For most parents who make child support payments, their obligations often end when their children graduate from high school and turn 18 years old. These situations are well within the “normal” provisions of Illinois law governing child support. In certain cases, however, the law provides that either or both parents can be required to continue supporting a child after the child has reached the age of majority. Non-minor support, as it is frequently called, can be ordered by the court for the educational expenses of a child pursuing post-secondary education or for a disabled adult child who is unable to support him- or herself.
Continuing support for a non-minor disabled child has been a part of the Illinois Marriage and Dissolution of Marriage Act for a number of years. As currently written, however, the law is relatively vague. It provides that a petition for ongoing support may be filed when a “child is mentally or physically disabled and not otherwise emancipated,” and that the application may be made before or after the child is considered an adult. In determining the appropriateness and amount of non-minor support, a court is expected to take into account all relevant factors, including but not limited to:
- The financial resources of each parent;
- The financial resources of the child; and
- The standard of living the child could have expected if the parents’ had remained together.
Based on the language contained in the law, these provisions provide a great deal of latitude for the court in making such decisions.
Beginning in 2016, the law regarding non-minor support is getting a sort of facelift, as the family law reform measure signed this past summer sought to clarify some individual points. One of the most important changes made by the new law is the inclusion of definitions of “disabled” and “disability” as used in the statute. The law will hold that a “disabled” person is one with a mental or physical “impairment that substantially limits a major life activity,” and that the impairment itself is the “disability.”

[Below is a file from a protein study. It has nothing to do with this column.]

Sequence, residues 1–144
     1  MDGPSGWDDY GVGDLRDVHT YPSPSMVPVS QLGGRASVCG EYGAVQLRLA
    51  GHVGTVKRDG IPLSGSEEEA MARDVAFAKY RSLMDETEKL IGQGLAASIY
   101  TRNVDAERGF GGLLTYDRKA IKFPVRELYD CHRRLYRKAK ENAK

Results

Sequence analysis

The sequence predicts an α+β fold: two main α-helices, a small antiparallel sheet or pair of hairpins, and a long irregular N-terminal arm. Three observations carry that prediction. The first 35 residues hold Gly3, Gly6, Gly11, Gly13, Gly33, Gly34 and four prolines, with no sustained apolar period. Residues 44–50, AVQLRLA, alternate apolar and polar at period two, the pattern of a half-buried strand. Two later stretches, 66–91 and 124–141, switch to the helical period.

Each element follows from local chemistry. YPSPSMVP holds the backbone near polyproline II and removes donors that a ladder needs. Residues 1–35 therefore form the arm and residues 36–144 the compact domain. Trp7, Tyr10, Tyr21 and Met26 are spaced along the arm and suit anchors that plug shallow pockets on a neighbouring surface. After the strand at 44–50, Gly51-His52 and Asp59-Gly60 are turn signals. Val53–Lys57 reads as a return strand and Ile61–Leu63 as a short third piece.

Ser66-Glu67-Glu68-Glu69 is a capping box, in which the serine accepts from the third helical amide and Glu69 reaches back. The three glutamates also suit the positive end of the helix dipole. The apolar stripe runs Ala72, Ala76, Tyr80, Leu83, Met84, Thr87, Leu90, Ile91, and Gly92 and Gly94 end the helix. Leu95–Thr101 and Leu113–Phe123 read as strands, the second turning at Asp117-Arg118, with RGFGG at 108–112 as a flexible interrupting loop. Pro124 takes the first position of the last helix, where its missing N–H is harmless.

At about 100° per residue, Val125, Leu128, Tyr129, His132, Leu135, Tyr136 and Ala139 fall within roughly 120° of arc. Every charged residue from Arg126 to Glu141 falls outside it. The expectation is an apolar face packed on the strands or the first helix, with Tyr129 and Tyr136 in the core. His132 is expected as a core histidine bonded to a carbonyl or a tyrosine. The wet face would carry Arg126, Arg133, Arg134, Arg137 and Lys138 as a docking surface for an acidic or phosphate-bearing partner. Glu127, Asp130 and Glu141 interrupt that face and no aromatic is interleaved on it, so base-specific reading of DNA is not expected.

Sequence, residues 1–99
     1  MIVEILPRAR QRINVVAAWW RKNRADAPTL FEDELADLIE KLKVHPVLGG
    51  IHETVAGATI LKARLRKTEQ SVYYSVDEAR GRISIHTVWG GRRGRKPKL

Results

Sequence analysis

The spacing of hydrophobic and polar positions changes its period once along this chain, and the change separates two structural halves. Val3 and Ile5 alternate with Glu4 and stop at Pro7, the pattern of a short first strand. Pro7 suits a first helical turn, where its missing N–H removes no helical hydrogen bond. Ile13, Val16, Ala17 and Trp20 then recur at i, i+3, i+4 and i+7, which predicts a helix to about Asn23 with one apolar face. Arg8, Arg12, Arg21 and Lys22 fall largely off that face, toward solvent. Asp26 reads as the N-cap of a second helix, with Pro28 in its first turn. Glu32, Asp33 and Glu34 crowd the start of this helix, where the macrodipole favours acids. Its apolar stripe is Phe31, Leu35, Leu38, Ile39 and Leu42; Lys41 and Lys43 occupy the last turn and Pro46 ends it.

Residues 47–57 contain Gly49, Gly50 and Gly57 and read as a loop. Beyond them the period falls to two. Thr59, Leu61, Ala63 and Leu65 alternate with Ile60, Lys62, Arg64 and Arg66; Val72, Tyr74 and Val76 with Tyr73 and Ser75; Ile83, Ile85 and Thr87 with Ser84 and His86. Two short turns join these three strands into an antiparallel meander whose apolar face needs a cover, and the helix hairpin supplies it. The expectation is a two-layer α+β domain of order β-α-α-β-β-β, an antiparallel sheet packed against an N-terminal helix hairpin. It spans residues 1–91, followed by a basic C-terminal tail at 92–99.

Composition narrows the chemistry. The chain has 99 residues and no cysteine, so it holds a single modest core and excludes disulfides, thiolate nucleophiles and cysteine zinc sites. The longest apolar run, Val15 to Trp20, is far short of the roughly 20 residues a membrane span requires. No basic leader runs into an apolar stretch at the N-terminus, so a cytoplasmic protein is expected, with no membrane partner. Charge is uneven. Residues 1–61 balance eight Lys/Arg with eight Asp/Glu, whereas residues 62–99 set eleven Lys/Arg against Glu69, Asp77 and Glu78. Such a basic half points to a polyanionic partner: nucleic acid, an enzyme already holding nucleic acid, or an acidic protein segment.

The amended law also provides a new avenue for providing the support, as no such processes are explicitly in place under the current provisions. While the court may require payments to be made to one of the parents,—as is common under “normal” child support circumstances—a trust, such as a special needs trust, may be created for the benefit of the child and funded with the ordered support contributions.
Also included in the new law are amended statutory considerations required of court in making its determination. The resources of the parents and the disabled adult child must still be taken into account, but the update provides that the parents’ ability to provide for their own future, including retirement savings, should be expressly considered. It also requires the court to consider any and all local, state, federal, or private benefits available to the child as a result of his or her disability.
Legal Assistance with Changing Laws
If your child is disabled and approaching adulthood, and you have questions about non-minor support, contact an experienced Orland Park family law attorney today. Schedule a free consultation by calling 708-518-8200. We will review your situation and help you understand your rights and responsibilities under the law.